This section is from the book "The Law Of Contracts", by William Herbert Page. Also available from Amazon: Commercial Contracts: A Practical Guide to Deals, Contracts, Agreements and Promises.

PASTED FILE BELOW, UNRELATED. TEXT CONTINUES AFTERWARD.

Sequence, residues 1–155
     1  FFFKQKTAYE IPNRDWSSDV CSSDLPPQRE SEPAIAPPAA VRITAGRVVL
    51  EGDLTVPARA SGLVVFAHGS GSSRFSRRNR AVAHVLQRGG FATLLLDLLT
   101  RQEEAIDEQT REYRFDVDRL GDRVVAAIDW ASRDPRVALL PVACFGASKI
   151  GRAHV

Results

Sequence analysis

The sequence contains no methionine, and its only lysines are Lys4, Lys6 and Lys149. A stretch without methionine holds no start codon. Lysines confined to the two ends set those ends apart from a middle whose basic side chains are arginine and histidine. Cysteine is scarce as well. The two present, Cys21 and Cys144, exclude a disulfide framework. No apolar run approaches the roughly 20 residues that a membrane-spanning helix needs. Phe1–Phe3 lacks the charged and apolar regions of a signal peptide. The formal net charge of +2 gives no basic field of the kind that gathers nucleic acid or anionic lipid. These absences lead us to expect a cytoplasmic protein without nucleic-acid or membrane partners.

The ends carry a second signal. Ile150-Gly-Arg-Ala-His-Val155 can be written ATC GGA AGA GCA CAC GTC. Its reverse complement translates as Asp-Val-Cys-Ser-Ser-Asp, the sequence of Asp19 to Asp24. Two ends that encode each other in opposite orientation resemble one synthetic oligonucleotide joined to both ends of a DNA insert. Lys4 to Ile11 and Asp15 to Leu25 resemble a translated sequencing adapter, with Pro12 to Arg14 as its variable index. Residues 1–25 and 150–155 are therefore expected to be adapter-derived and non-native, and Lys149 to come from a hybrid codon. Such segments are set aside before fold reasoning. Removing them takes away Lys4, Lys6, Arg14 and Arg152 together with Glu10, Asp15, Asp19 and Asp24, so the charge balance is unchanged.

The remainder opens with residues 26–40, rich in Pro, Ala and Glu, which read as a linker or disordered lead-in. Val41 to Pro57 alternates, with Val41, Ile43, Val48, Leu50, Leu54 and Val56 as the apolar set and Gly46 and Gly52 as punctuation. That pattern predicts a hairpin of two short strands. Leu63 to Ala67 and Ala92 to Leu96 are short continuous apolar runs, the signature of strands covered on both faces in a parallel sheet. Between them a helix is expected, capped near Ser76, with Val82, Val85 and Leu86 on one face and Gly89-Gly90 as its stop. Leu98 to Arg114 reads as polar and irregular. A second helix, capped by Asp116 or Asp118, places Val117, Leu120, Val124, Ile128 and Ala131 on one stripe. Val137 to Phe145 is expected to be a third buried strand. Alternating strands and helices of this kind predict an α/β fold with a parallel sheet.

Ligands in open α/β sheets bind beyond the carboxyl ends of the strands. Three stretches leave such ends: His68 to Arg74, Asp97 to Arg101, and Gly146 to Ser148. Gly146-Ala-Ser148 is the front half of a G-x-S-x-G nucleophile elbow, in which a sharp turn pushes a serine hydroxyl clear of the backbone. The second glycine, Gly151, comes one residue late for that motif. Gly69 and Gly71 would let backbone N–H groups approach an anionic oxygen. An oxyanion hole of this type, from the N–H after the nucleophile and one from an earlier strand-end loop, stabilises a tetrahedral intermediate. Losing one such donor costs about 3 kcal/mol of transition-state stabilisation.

An executed contract has transferred title to property, conferred the benefit of services and the like. Whether it can properly be classed as a contract or not is questionable, since a contract is an agreement which results in obligation, an enforceable promise, and in executed contracts there is no outstanding promise to be enforced. It was a contract; but is it still one Whenever this question has arisen in such form that the courts were called upon to pass on it, inconsistent answers have been given. From the nature of the case, no action can be brought upon it; hence questions as to the form of action, the remedy, and the period of limitations can not arise. The provision of the Statute of Frauds, that no action shall be maintained on certain kinds of contract, does not of course apply to executed contracts.1 On the other hand, the constitutional provisions forbidding a state to impair the obligation of contracts apply to executed contracts.2 Personal disqualifications which make a contract voidable apply as well to an executed contract as to an executory contract;3 but those which make a contract void have been held not to apply.4 Defects in agreements, such as misrepresentation, mistake, fraud, duress and undue influence apply to an executed contract as well as to an executory, and constitute grounds for rescission in proper cases.5 Lack of consideration has no effect on the validity of an executed contract, in the absence of mistake, fraud, and the like;6 gift, on delivery is irrevocable. Illegality of object has, as a rule, no effect on the validity of an executed contract, except where the legislature has specifically provided the contrary.7 The actual decisions are therefore not uniform as to whether an executed contract possesses the elements of a genuine contract. On principle, it may be said that an executed contract should be rather subject to the rules of conveyances than of contracts.